“A scout must be well-versed in the history, tradition, religion, social conventions, and superstitions of the nation or people with whom he is assigned to work. This is nearly as important as understanding the country’s physical characteristics, climate, and goods. Almost without fail, some individuals will do certain things. Other options, although totally viable, will not suffice. There is no risk in learning too much about an enemy’s mental patterns. The opponent should not be underestimated, nor should superhuman abilities be attributed to him. Fear and courage are latent in every human being, but they may be stirred into action in a variety of ways.”
You must construct mental models for your specific aim in addition to basic cultural and psychological mental models. Is there anything in particular that he enjoys eating? Is there something wrong with him? Is he a smoker or a nail biter? Is he used to being outside or is he a city dweller? Do you think he has any worries or insecurities? Is there anybody he knows in the area?
Knowing this about your target can help you conduct your search and analyze the evidence you locate in the field. If you know what cigarettes your target smokes, for example, you’ll be on the lookout for cigarette butts. You’ll know you’re on the right road if you stumble across a pool of pee that smells fruity and has diabetes.
Scanning and Searching: Observing Your Surroundings
It’s time to start monitoring now that you’ve worked on enhancing your situational awareness by being more alert and establishing suitable mental models (this is an activity that should never stop).
When you’re out tracking, there are two visual modes you’ll use: scan and search.
The purpose of scanning the terrain is to gain a broad, big-picture perspective of your surroundings. Maintain an open mind. If you don’t have something specific in mind to search for, you’ll have “target blindness” and overlook other bits of evidence. Visually scan your surroundings for probable abnormalities like as footprints, trash, blood stains, and so on.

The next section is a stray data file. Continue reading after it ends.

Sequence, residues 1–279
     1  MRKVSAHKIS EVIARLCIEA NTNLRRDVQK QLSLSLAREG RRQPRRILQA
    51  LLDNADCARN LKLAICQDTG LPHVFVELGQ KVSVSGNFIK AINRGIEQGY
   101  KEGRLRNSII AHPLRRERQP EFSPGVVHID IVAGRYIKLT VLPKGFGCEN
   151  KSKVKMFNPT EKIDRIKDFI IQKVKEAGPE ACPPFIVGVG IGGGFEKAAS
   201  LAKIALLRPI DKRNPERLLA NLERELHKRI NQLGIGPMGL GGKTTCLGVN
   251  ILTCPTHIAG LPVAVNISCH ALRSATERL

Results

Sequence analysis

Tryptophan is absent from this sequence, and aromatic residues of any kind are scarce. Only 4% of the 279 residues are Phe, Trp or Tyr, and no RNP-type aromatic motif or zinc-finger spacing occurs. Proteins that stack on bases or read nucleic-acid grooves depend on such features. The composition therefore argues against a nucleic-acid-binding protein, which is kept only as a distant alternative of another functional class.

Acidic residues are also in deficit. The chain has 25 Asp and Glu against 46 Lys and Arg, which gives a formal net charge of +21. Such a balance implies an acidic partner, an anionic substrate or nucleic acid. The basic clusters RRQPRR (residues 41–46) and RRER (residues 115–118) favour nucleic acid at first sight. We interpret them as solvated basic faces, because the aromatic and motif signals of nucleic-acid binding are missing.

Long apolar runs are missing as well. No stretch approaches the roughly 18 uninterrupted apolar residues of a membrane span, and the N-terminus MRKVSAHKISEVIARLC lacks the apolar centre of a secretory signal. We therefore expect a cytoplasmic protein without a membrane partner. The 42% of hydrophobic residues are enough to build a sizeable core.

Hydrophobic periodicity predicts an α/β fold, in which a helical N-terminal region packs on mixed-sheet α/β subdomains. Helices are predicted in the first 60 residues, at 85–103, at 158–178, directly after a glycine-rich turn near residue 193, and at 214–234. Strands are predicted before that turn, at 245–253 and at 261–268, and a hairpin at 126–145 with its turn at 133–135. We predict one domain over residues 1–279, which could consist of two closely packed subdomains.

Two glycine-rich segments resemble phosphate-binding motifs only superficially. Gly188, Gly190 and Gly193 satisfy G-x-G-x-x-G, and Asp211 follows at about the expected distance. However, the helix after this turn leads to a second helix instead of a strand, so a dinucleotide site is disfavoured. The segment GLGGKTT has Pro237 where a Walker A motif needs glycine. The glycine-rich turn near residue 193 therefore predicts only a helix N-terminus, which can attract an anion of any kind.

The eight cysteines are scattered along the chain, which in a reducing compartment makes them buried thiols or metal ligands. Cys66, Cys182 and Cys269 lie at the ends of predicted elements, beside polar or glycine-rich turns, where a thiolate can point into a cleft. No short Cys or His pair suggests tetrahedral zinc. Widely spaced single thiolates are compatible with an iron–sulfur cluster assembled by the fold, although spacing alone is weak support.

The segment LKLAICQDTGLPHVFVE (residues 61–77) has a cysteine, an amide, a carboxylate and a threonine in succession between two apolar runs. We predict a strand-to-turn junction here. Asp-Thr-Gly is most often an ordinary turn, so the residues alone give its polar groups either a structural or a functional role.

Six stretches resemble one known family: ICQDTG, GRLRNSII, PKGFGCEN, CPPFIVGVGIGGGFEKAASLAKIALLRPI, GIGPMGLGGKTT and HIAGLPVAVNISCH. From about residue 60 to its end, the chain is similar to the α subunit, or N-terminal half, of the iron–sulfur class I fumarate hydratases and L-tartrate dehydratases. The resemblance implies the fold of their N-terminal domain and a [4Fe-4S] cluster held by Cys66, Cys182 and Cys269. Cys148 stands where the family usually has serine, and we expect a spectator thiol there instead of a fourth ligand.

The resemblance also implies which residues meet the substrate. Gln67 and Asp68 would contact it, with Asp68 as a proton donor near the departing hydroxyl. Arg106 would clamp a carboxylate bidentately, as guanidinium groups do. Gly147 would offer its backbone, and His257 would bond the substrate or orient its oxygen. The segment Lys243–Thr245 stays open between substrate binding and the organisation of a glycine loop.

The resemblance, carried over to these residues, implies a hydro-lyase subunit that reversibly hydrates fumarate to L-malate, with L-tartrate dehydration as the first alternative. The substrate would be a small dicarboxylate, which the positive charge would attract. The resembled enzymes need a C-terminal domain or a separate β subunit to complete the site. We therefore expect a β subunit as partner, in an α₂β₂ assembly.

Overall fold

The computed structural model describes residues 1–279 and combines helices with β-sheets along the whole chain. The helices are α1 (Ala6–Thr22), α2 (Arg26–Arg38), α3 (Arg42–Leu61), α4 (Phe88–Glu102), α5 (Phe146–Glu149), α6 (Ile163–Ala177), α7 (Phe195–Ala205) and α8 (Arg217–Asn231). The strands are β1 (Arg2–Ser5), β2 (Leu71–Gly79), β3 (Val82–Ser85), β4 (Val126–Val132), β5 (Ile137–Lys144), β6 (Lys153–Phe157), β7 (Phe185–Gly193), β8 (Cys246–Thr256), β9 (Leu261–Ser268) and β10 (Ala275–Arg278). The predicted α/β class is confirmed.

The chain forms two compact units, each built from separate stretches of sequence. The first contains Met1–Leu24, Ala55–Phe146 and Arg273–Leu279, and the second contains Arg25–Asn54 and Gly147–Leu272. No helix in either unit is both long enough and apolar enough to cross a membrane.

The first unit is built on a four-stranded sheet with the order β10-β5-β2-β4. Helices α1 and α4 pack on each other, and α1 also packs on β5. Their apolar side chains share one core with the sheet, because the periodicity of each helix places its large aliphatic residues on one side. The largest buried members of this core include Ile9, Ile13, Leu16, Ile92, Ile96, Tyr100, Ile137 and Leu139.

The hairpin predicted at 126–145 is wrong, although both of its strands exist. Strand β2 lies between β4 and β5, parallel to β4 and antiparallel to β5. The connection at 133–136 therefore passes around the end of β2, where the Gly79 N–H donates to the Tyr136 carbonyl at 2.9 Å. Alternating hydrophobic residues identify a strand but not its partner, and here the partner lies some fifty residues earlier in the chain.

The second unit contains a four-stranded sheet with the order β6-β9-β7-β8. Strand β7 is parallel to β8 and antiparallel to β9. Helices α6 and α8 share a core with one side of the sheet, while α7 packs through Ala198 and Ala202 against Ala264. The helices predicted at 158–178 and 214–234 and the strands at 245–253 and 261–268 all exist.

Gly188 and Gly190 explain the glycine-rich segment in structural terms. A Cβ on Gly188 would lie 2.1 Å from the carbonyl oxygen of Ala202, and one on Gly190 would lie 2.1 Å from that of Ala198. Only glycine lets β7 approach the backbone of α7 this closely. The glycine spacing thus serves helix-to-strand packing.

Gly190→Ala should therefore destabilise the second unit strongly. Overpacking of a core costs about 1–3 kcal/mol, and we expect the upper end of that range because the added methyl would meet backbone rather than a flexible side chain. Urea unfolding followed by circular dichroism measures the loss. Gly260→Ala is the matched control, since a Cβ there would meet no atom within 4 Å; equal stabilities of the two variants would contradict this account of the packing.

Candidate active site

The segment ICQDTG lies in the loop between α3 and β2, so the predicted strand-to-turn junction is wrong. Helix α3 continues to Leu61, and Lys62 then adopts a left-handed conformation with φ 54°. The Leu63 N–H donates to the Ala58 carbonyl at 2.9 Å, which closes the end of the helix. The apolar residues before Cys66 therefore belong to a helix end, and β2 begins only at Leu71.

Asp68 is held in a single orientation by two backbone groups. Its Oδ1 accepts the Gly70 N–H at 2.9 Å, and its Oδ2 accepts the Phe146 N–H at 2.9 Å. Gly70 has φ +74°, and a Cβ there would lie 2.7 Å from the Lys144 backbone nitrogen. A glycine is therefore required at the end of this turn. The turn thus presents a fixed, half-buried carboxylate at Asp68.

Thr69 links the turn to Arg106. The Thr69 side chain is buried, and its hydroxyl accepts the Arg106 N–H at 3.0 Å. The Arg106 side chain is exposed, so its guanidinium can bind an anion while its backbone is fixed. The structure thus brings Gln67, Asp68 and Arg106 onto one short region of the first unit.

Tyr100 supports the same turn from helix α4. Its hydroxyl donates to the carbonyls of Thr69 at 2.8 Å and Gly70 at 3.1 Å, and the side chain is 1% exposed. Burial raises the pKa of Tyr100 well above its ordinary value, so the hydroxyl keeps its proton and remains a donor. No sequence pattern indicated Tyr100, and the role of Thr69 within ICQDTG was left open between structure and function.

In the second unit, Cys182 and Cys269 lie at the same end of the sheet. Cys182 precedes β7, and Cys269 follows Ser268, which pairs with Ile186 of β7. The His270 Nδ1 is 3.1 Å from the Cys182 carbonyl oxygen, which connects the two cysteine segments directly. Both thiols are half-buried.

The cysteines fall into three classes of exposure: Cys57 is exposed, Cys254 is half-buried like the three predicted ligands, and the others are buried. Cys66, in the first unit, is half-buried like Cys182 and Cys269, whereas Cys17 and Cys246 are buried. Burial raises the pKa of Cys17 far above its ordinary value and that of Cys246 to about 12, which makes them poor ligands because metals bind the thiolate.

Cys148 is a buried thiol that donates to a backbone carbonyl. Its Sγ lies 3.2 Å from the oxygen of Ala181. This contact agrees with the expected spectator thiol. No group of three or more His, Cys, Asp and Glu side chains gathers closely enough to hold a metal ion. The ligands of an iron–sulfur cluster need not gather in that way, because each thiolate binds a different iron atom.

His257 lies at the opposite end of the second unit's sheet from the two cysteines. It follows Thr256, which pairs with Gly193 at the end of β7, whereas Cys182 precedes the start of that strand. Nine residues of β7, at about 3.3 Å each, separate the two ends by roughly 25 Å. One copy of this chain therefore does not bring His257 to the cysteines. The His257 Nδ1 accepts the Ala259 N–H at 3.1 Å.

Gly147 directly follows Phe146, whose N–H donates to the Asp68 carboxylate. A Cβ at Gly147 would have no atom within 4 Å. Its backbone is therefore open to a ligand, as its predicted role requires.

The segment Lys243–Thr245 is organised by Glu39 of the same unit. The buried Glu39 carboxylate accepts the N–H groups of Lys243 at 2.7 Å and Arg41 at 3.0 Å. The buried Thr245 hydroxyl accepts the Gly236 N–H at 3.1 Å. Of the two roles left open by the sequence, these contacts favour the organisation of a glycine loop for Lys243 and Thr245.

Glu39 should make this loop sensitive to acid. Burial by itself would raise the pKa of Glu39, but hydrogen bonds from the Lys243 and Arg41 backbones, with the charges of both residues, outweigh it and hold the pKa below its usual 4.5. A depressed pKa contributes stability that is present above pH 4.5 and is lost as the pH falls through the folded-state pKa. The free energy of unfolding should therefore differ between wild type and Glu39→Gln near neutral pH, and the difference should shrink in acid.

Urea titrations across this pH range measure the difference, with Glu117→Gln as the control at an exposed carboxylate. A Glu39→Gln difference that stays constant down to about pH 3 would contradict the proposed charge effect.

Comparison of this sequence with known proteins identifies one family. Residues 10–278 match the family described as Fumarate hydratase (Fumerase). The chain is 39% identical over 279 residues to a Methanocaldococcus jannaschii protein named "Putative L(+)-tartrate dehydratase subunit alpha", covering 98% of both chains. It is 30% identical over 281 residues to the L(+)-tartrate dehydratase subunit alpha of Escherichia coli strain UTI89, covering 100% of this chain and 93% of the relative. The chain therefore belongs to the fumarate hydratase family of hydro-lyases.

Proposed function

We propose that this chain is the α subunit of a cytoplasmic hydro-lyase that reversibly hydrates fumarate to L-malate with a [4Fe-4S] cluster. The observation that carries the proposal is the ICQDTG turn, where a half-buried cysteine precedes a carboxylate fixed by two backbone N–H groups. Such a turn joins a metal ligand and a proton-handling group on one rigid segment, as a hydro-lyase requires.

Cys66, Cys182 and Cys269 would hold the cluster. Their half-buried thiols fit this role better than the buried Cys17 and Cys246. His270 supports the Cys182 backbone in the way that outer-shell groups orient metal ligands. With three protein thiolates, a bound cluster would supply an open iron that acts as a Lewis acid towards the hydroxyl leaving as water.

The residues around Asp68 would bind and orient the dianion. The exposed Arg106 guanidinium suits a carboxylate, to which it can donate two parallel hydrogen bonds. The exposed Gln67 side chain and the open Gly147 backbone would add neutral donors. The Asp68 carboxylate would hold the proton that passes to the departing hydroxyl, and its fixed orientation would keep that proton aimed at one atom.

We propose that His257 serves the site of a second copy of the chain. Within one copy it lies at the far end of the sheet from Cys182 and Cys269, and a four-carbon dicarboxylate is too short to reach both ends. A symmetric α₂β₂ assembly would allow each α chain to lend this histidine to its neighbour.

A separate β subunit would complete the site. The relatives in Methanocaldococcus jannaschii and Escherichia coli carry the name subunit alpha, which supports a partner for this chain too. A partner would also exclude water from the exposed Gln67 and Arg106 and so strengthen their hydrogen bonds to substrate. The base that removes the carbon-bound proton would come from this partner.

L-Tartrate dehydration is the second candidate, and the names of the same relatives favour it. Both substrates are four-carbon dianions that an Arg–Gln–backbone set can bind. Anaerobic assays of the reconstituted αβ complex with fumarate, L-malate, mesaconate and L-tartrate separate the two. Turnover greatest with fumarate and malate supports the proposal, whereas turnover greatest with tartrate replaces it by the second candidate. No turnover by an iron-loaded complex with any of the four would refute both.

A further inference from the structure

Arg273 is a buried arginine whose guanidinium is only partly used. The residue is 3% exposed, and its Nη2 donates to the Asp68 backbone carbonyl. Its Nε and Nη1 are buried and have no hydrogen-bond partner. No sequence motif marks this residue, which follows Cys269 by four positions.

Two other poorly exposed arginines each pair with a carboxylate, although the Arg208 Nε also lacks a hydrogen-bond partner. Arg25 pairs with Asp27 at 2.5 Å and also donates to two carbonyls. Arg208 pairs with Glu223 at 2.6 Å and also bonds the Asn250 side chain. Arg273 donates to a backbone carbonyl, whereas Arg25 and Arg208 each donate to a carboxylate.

Tracking specialists David Diaz and V. L. McCann advocate splitting an area horizontally into thirds rather than scanning it haphazardly:
“Imagine the landscape in front of you is a two-dimensional painting of a natural setting. The horizon represents the top barrier, and the earth in front of you is the bottom limit. Divide the canvas into three equal sections: foreground, middle ground, and distant ground…
To’see’ everything in such a large space, it must be scanned in a methodical manner. Sweep the foreground from left to right, right to left, and left to right with a horizontal movement of your eyes, bringing your line of view up just enough to barely overlap the region above the previous sweep.”
This allows you to make your way up to the far terrain in a logical manner, ensuring that you don’t miss anything — close or far — that lies ahead of you.
“In-depth investigation of an area or thing,” Diaz and McCann define searching. Once you’ve discovered an anomaly, you may start searching at any time throughout the scanning process. Searching entails paying more attention to the abnormality and noting it down in your head or in a notepad for subsequent study.
Just because you’ve found one anomaly doesn’t imply you should abandon the rest of your quest. Continue searching for other oddities that you can investigate further. Continue your scan and search with extreme attention to avoid picking up any polluting indicators. Do not step over footprints and leave rubbish where you found it. You want to leave everything in their original places so you can piece together the puzzle and make a tale out of the evidence you find.